Scottish and Newcastle antiemetic pre-treatment for paracetamol poisoning study (SNAP)

H K Ruben Thanacoody, Alasdair Gray, James W Dear, Judy Coyle, Euan A Sandilands, David J Webb, Steff Lewis, Michael Eddleston, Simon Hl Thomas, D Nicholas Bateman

Research output: Contribution to journalArticlepeer-review


Paracetamol (acetaminophen) poisoning remains the commonest cause of acute liver injury in Europe and North America. The intravenous (IV) N-acetylcysteine (NAC) regimen introduced in the 1970s has continued effectively unchanged. This involves 3 different infusion regimens (dose and time) lasting over 20 hours. The same weight-related dose of NAC is used irrespective of paracetamol dose. Complications include frequent nausea and vomiting, anaphylactoid reactions and dosing errors. We designed a randomised controlled study investigating the efficacy of antiemetic pre-treatment (ondansetron) using standard NAC and a modified, shorter, regimen.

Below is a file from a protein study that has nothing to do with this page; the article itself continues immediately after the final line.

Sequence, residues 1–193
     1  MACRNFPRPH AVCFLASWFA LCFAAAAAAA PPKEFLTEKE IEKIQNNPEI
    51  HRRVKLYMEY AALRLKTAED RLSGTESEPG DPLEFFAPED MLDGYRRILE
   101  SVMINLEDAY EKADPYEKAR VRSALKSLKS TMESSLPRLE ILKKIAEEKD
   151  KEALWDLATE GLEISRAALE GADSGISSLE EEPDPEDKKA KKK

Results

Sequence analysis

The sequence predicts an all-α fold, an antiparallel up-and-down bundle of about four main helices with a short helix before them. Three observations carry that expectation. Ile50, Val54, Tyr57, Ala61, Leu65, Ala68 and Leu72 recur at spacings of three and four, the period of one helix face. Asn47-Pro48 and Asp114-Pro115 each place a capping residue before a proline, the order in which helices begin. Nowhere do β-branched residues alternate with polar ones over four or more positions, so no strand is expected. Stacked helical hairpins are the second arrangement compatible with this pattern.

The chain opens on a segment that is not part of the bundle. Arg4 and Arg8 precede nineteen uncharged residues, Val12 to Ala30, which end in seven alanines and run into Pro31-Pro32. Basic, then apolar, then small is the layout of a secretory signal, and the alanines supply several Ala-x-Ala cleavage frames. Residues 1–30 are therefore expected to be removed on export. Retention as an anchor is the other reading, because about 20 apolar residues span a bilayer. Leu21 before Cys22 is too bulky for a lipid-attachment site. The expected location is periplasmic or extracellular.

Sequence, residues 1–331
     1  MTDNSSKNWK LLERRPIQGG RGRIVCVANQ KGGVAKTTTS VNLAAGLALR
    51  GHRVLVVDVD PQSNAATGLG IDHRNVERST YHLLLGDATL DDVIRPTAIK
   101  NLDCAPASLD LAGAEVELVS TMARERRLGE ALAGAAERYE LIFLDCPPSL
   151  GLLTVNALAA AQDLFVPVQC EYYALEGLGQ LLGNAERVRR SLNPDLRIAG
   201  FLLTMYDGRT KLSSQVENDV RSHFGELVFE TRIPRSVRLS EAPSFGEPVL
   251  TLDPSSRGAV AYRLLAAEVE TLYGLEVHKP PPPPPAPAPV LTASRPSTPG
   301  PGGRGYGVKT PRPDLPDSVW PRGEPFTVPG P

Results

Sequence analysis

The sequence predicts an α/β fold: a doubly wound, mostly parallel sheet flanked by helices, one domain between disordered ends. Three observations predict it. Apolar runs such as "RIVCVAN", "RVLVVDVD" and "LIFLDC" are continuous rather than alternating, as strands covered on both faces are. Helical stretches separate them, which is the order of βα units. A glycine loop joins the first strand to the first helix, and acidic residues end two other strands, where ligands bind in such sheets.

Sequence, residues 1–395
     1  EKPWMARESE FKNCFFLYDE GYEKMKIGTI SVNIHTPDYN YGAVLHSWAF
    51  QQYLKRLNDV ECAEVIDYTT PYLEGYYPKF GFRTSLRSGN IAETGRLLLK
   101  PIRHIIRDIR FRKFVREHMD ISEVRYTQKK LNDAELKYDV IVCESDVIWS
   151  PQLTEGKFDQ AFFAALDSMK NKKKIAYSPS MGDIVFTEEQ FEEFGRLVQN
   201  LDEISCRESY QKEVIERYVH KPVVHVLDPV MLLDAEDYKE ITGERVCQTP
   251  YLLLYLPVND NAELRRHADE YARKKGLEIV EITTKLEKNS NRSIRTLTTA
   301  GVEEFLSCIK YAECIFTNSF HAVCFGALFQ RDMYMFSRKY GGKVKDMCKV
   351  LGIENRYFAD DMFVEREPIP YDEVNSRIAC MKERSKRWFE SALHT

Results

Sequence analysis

Original languageEnglish
Pages (from-to)20
JournalBMC Pharmacology and Toxicology
Publication statusPublished - 4 Apr 2013


  • Acetaminophen
  • Acetylcysteine
  • Anti-Inflammatory Agents, Non-Steroidal
  • Antiemetics
  • Double-Blind Method
  • Humans
  • Ondansetron
  • Scotland
  • Vomiting


Dive into the research topics of 'Scottish and Newcastle antiemetic pre-treatment for paracetamol poisoning study (SNAP)'. Together they form a unique fingerprint.

Cite this